The Joliet City Council took steps at a recent meeting to narrow in on redevelopment plans for Riverwalk Homes.
In accordance with a 2013 settlement agreement, the Department of Housing and Urban Development requires the city to make a decision on the apartment complex, formerly known as Evergreen Terrace.
The city is seeking to retain between 115 and 177 units.
Currently, the complex operates with 356 apartments.
The plans are all but set in stone. Joliet officials want to leave their options open as they look to redevelop the complex.
Representatives for Holsten Development of Chicago have been directed to present the city’s proposal to HUD. HUD wants to ensure that its funds are used for public benefit.
The council came to consensus that the mod-rehab presented by Holsten Development of Chicago and another proposal brought forward by Joliet resident Damon Zdunich make sense for the city. The latter involves operating the units, as is, and using replacement reserve funds to make improvements, as needed.
Councilwoman Jan Quillman asked if reducing the units to 115 and moving the residents to scattered housing in the city is an option.
Andrea Keeney, senior development manager for Holsten Development of Chicago, said it would be costly to acquire land and build new housing.
Officials continue to prioritize recouping the city’s $11.4 million out of $15 million payment to acquire the complex. The scenario comprised of 117 units is anticipated to satisfy this aim by 2024. The other proposal is made up by 115 units and is projected to repay the city by 2032.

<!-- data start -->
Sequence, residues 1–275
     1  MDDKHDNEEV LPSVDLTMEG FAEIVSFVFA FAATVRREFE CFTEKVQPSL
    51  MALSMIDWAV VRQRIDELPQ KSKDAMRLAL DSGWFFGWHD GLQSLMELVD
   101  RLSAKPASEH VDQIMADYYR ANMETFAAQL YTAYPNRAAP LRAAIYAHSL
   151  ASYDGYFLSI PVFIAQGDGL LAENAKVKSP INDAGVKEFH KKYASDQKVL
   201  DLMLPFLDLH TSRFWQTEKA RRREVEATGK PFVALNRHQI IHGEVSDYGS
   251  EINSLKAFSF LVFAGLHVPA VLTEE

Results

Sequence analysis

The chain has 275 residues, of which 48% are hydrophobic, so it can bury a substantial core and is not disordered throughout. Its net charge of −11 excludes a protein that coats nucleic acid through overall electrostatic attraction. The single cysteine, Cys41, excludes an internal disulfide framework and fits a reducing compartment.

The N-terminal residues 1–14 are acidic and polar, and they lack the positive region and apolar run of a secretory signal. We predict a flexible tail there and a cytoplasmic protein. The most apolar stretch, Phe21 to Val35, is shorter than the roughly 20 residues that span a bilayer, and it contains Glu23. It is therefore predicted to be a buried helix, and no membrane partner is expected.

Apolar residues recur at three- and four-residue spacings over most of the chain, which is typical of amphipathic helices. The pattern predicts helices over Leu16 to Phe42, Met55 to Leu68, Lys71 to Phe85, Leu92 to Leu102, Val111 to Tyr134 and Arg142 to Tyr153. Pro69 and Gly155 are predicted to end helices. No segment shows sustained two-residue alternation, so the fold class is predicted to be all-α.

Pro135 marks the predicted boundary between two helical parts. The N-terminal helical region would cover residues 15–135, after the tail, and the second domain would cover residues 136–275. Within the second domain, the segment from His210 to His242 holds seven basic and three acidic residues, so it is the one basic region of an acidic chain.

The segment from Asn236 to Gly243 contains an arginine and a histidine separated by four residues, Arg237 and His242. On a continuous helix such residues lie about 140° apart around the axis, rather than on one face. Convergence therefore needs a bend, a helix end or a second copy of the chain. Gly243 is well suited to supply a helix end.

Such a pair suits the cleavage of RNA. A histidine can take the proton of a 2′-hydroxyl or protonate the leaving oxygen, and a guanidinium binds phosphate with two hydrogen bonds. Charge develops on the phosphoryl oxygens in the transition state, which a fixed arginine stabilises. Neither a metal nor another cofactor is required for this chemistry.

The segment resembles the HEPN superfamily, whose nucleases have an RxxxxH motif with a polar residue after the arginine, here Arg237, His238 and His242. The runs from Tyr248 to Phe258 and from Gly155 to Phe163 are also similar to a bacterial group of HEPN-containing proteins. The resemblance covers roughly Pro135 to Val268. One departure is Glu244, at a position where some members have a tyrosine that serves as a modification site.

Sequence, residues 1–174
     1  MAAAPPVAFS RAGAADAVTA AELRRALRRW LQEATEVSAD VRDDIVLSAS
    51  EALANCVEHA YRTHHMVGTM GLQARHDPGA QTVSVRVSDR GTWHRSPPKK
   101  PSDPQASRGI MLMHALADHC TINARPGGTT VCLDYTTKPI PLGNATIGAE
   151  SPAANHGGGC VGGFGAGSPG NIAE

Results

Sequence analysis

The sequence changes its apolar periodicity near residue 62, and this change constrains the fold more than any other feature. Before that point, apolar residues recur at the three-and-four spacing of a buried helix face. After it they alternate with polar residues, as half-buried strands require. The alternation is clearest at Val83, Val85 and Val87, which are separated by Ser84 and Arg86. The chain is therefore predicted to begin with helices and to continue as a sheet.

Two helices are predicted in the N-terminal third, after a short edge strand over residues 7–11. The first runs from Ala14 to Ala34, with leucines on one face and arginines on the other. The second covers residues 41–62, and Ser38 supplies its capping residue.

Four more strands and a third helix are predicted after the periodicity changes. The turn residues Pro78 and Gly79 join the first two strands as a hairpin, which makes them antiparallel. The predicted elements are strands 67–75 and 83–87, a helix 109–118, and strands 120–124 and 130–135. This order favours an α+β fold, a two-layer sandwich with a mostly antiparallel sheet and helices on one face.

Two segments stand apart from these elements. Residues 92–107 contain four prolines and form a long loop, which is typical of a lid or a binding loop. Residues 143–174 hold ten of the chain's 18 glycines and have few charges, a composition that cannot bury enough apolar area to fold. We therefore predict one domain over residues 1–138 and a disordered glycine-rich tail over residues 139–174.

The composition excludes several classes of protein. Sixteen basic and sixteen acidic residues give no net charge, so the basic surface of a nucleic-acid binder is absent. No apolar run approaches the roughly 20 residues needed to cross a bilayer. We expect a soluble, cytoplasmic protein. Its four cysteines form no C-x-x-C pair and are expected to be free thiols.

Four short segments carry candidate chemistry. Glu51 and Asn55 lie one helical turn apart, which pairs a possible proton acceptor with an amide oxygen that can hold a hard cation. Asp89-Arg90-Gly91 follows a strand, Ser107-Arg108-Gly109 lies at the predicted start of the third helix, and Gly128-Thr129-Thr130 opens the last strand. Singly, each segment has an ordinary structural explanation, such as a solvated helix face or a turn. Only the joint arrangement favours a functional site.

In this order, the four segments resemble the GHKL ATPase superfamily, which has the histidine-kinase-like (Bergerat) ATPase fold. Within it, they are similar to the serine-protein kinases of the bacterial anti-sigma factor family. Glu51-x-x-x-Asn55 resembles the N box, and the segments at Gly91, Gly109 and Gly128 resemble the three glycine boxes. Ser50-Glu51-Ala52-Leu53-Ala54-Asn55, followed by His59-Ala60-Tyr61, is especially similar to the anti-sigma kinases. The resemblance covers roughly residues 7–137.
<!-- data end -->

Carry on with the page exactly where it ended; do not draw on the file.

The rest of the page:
Peter Holsten, president, managing broker and director of development for Holsten Development of Chicago, asked that officials keep the residents in mind.
The settlement agreement stipulates that 115 units is the minimum number the city must retain.
“To me, the 177 [units] sounds like we are trying to think about the residents and we’re mod-rehabbing the place,” Councilman Terry Morris said. “I would love to do the 115 units with a mod-rehab, but the numbers, again, is not working.”
Morris added, “I know the scattered site, from dealing with the housing authority, is just not cost-effective.”
Quillman asked if it’s possible if the Housing Authority of Joliet could takeover the project after a certain period of time.
The city found two years ago that HUD would not allow it.
“We don’t know today how HUD feels about the Housing Authority of Joliet,” Holsten said. “We would have to ask them if they would take it over.”
A couple council members during the meeting expressed a desire to retain 177 units.
The Joliet City Council is expected to take a formal vote on redevelopment plans for Riverwalk Homes at its Sept. 4 meeting.